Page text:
Energy | Texas Public Radio

Energy

From Texas Standard:

Carbon emissions have been down in recent weeks because of the pandemic because far fewer people are driving or flying. But that has also meant less demand for fuel, and less revenue for oil and gas companies. As a result, some European-based companies are investing more of their resources into renewable energy production. But American oil and gas outfits are not.

From Texas Standard:

Wednesday marks the 50th anniversary of Earth Day. When it was first celebrated in 1970, more than 20 million people took to the streets and that action spurred the passage of environmental laws and regulations that are still in effect today. Large gatherings aren't possible this year because of COVID-19, but some groups are finding other ways to celebrate.

Before he was elected, President Donald Trump promised to end what he called the “war on coal.”

But fast-forward to 2019, and the industry is still declining. Eight coal companies have gone bankrupt since Trump took office.

From Texas Standard:

Energy is the invisible driver of nearly everything we do. It gets us to work, lights our homes – it even powers the equipment we use to broadcast Texas Standard. Energy – and access to it – determines the wealth, health and growth of societies. Michael Webber explores how energy has shaped civilization in his new book “Power Trip: The Story Of Energy.

Webber says he became interested in the topic during an undergraduate history class at the University of Texas at Austin.

Energy companies in West Texas have more natural gas than they know what to do with. So they’re burning it off, using a process called “flaring.”

As Travis Bubenik (@travisbubenik) of Houston Public Media reports, that’s prompting concerns among critics who are concerned about air pollution and the effects on dark skies.

From Texas Standard:

Most discussions about how to solve climate change involve limiting greenhouse gas emissions. But what if there was another way? A new study co-published by a team of researchers at Harvard and a Canadian company called Carbon Engineering says there is one.

From Texas Standard.

After more than half a century, the U.S. appears to have become a net exporter of liquefied natural gas. The last time we would have been able to say that was when Eisenhower was president. The development is a major shift from predictions just a decade ago, when the U.S. was expected to have to rely on liquefied natural gas imports from Russia, Northern Africa and the Middle East forever, it seemed. What’s changed? Here to put things into perspective is energy insider Matt Smith, director of commodity research at Clipper Data.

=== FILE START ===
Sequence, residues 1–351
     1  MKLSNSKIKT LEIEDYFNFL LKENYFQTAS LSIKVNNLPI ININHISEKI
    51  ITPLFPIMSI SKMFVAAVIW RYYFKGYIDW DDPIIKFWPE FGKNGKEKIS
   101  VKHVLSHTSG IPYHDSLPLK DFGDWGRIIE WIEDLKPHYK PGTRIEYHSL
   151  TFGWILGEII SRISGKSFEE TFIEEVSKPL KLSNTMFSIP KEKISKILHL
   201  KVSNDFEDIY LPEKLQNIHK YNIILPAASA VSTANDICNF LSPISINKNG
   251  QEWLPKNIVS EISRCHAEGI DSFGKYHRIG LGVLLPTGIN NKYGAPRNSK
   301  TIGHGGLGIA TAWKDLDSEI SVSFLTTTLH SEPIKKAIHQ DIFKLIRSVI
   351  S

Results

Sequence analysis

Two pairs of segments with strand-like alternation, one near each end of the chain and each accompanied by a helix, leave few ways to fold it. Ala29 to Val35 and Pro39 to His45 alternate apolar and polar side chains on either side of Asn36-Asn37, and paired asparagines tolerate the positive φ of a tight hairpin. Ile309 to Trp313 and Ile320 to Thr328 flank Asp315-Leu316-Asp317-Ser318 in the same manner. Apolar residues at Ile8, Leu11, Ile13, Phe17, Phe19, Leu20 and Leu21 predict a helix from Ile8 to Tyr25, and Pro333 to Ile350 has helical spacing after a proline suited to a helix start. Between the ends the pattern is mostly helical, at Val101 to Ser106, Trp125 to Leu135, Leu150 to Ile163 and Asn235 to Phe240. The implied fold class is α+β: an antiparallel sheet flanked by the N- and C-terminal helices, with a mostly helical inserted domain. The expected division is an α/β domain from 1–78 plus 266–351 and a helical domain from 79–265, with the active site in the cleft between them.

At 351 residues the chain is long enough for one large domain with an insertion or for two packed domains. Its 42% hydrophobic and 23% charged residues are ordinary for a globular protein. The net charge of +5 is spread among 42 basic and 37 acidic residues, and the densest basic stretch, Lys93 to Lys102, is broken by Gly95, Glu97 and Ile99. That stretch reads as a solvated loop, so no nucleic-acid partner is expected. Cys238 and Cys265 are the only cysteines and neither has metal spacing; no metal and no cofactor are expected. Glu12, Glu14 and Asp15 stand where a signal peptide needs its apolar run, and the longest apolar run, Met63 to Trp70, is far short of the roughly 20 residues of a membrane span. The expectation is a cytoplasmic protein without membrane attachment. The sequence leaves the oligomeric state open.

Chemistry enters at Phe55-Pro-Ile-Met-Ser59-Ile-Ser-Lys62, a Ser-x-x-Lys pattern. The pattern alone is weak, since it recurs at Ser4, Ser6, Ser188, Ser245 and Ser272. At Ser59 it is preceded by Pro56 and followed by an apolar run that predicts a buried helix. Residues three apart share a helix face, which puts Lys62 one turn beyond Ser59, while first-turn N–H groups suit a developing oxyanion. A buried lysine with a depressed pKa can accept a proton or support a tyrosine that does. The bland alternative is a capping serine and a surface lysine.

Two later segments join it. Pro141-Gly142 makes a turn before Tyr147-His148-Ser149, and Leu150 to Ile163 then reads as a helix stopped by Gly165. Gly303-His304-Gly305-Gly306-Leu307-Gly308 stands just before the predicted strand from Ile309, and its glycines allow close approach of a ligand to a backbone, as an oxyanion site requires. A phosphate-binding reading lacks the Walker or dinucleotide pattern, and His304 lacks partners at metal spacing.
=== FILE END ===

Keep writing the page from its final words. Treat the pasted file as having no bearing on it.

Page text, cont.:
From Texas Standard.

You almost can’t talk about the Texas economy without mentioning the oil and gas industry. Much of the state’s wealth, and its global image, is tied to energy production. But the oil market is a fickle beast.

In a new piece for The New Yorker, staff writer and native Texan Lawrence Wright tracks the boom and bust cycles of the state’s energy industry, and looks at whether the state’s fortunes might always be beholden to black gold.

From Texas Standard:

The nation's electrical grid is an interconnected system that powers homes and businesses across the country. But a recent report by the National Academy of Sciences, Engineering and Medicine indicates the grid is vulnerable and more needs to be done to protect the system from the growing threat of blackouts.

Carson Frame / TPR News

More than two decades ago, the North American Free Trade Agreement (NAFTA) was signed at the German-English School on South Alamo Street in San Antonio. On Friday, U.S. Representatives William Hurd  and Henry Cuellar held a meeting at the Pearl Stable, where they shared their hopes for modernizing the agreement. 

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